How our Bliss Filters work
Occupying the northeastern corner of North America, Quebec is Canada’s largest province by area. Its preserved French heritage and Francophone culture sets it apart, and it’s the only province where French is the official language and all the signs are in French.
Its European feel and its history, culture and warmth have made Québec a favorite tourist destination both nationally and internationally. Quebec's main cities, Montreal, Quebec City and Gatineau, all offer an energetic cultural scene, excellent shopping, upscale accommodations and top-notch cuisine and, of course, wine.
Québec has traditionally had less restrictive liquor laws than nearby Ontario: minimum drinking age is 18, beer and wine are available in corner stores and the rules on opening hours for bars are less restrictive. In Gatineau, the Promenade du Portage area in the city center is known to attract rowdy, drunken patrons from across the Ottawa River.
It is very easy to travel in Québec speaking only English, especially in Montréal, and to a lesser extent, Québec City. In fact, over 40% of the population is bilingual. In major cities like Montréal, this percentage is as high as 64%, and 16% of the population speaks a third language. The majority of the population lives in the vicinity of the St. Lawrence River, in the southern portion of the province. The population is largely urbanized; close to 50% of Quebecers live in the metropolitan area of Montréal.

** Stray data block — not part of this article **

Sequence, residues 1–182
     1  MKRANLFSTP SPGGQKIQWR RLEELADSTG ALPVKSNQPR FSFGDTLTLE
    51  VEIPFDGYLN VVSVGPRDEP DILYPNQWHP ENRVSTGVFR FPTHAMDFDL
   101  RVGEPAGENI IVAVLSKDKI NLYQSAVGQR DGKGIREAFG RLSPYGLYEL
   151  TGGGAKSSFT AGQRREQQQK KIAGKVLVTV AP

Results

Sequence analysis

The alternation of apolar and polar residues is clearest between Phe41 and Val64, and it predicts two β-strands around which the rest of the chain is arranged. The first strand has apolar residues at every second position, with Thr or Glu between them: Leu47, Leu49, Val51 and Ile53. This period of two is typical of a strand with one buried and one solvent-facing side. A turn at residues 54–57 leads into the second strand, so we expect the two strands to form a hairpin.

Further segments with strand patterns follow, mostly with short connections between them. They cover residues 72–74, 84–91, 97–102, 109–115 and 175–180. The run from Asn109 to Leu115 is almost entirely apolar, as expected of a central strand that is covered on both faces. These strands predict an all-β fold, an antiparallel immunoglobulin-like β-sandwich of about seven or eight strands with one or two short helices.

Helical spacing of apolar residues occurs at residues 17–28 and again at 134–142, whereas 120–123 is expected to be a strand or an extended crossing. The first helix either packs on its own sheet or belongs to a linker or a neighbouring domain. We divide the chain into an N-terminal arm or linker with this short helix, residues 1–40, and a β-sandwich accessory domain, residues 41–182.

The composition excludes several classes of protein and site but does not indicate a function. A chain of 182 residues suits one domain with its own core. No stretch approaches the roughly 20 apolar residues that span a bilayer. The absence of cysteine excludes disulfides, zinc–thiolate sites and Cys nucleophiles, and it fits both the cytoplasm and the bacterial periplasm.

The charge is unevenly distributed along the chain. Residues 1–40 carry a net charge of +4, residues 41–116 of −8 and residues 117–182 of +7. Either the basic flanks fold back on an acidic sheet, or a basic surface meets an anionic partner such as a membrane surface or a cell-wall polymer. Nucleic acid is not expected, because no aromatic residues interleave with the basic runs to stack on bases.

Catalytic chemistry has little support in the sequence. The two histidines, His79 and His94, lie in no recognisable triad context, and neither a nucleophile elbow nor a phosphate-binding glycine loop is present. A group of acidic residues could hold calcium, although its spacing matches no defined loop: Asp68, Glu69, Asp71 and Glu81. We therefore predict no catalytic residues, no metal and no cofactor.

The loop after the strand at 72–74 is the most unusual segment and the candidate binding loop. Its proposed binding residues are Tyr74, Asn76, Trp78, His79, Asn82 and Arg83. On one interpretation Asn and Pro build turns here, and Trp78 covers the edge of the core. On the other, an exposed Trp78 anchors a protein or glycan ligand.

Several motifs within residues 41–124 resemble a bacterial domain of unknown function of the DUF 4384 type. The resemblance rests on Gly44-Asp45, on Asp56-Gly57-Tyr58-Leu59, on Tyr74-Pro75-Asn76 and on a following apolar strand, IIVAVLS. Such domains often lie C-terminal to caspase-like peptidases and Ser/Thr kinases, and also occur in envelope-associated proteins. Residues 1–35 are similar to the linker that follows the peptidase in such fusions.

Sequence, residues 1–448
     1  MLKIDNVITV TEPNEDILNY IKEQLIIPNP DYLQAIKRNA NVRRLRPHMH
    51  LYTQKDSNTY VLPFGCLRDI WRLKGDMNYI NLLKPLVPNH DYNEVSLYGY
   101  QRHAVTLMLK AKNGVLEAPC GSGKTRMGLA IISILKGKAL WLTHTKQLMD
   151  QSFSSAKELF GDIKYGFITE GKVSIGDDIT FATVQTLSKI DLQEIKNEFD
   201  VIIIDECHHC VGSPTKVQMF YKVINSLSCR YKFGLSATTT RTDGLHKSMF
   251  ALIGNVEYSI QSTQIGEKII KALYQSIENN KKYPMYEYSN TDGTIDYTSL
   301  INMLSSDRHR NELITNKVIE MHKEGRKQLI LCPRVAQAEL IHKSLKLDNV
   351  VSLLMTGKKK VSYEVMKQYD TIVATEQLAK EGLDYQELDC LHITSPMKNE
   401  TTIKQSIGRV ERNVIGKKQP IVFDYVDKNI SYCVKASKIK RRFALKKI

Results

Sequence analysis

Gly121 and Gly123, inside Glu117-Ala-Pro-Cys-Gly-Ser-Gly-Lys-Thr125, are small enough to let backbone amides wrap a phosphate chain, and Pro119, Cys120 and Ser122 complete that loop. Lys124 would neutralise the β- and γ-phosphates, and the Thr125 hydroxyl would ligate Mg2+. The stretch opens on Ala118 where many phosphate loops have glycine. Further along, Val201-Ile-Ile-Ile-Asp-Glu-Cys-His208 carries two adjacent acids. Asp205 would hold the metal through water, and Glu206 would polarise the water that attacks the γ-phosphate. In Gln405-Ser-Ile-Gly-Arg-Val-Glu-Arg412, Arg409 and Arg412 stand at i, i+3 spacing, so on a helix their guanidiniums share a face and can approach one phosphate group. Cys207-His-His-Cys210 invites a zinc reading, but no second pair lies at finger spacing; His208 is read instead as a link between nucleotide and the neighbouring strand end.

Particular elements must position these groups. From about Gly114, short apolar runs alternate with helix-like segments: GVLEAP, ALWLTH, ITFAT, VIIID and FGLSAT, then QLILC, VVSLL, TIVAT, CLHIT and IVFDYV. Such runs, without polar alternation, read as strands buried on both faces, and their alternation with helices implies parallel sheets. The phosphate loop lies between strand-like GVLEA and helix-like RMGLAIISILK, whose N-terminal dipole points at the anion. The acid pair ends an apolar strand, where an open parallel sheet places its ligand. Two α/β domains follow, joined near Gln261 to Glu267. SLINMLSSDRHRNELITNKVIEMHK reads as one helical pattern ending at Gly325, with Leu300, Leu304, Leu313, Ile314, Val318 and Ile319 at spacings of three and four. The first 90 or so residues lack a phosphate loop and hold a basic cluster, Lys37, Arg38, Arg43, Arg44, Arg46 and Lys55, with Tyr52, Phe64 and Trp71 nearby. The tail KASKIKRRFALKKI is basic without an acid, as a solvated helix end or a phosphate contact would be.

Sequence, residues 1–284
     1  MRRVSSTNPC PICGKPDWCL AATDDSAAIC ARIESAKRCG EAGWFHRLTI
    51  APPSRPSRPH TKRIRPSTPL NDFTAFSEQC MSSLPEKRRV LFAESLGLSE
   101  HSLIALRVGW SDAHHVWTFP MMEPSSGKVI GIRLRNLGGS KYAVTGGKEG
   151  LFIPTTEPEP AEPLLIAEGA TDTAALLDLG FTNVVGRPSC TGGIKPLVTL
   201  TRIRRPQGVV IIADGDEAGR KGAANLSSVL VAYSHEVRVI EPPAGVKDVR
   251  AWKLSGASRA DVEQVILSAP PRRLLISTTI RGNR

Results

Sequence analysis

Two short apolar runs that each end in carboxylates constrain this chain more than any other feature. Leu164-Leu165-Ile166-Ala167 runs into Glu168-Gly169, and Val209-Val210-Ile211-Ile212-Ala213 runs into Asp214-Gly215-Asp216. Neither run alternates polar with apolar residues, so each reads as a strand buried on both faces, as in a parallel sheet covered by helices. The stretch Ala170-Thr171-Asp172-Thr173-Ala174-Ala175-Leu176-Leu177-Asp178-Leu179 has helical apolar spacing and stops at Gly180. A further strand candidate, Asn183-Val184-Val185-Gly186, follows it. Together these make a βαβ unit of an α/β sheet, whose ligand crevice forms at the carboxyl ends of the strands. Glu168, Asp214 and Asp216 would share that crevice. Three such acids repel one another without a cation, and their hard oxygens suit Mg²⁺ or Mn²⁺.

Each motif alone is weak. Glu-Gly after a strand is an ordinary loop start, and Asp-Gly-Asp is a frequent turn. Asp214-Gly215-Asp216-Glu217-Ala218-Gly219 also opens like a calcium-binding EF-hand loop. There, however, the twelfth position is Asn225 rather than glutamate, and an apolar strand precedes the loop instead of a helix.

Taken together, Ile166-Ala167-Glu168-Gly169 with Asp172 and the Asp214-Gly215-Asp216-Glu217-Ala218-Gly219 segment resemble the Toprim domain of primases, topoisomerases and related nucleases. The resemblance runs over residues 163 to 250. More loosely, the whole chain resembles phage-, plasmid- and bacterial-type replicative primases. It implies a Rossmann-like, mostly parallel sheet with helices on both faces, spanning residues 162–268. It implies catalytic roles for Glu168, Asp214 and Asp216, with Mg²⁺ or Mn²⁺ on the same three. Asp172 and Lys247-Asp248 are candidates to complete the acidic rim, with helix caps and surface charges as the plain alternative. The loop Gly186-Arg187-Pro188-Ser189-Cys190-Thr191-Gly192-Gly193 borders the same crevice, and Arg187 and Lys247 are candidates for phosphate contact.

The visibility of commercial signs and billboards in English and other languages is restricted by law (except for English-language media and cultural venues such as theatres, cinemas and bookstores). Most businesses will not have signs in English except in tourist areas and localities with a large English-speaking population. Language is a very sensitive subject politically, particularly in Montréal. If you cannot read a sign in a store or restaurant, most sales people will be sympathetic and help you find your way. Most restaurants in tourist areas will supply English menus if asked.
No visit to Quebec is complete without at least one plate of poutine. This unique dish is a plate of French fries, drowned in gravy, and topped with chewy white cheddar cheese curds. There are variations on the theme — adding chicken, beef, vegetables or sausage, or replacing the gravy with tomato meat sauce (poutine italienne). Poutine can be found in practically any fast-food chain restaurant in Quebec, but higher-quality fare can be found at more specialized poutine shops. One great spot for trying out poutine is Ashton (in the Québec City area), where, in January only, you will get a discount based on the outdoor temperature (the colder it is outside, the cheaper the poutine!).
Befitting the province's sub-arctic climate, Québécois cuisine favors rich, hot foods with more calories than you want to know about. Tourtière du Lac-Saint-Jean, for instance, is a deep-dish pie, typically from the Saguenay-Lac-St-Jean region, made of various meats (usually beef and pork, often including game, cut into small cubes) and diced potatoes, baked together in a flakey pastry shell.
Québec’s cuisine derives its rich flavor from a blend of influences. It has a solid French culinary base and is enriched by the contribution of the Amerindian peoples and the different cultural communities that have made the province their home. This blend of culinary cultures is what makes Québec cuisine what it is today. Many quality regional products are also used in its cuisine. Terroir products that grace Québec tables include ice cider, micro-brewed beer, wine and more than 100 different varieties of cheese.